Rahman told the Inquirer that the diversity and inclusion training marked the conclusion of DiverseForce’s year-long contract with the Free Library.
As part of that contract, DiverseForce wrote a report on how the library could improve equity and helped hire its first chief diversity and inclusion officer, Guy A. Sims, who started the job in December.
The Free Library has faced allegations of racism and discrimination toward black workers for years. The tensions came to a head last spring with the death of George Floyd in Minneapolis, prompting activist employees to form Concerned Black Workers at the Free Library of Philadelphia. Pictured: Black Lives Matter protesters in Philadelphia last May
Sims penned a letter to staff about the presentation on Monday and acknowledged workers’ criticisms.
‘In reviewing evaluative comments, it was indicated that the facilitator offered perspectives that did not reflect the direction we should be headed as an organization,’ Sims wrote.
‘Those perspectives belong to the facilitator and serve as one of many ways to look at and address DEI issues.’
Sims said that the library has asked DiverseForce to re-evaluate its two upcoming training sessions to make sure they ‘enable a safe space for staff to engage and start difficult conversations’.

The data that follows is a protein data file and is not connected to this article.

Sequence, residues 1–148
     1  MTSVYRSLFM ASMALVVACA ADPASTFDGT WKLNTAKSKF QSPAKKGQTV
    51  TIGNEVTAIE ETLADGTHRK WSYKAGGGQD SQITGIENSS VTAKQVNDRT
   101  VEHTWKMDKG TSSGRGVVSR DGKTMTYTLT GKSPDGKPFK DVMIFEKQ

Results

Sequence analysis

‘We will continue to make adjustments as we navigate the Free Library’s path forward in addressing inequity within the organization, and include many more voices in further conversations, workshops, and trainings that address systemic racism and white supremacy on a deeper level,’ he said in a statement to the Inquirer.
Ginyard, however, expressed doubt that the next sessions will be any better.
‘Y’all miss the mark at every moment in every opportunity,’ he said of the library leadership.
The Free Library has faced allegations of racism and discrimination toward black workers for years, according to the Inquirer.
The tensions came to a head last spring with the death of George Floyd in Minneapolis, prompting activist employees to form Concerned Black Workers at the Free Library of Philadelphia.
On its Instagram page the group frequently posts workers’ stories about experiencing racism at the library.
The group has also staged many protests, including one last summer which led to many prominent authors backing out of Free Library events in a show of solidarity.
Library Director Siobhan Reardon resigned last July after the group penned an open letter demanding that she step down.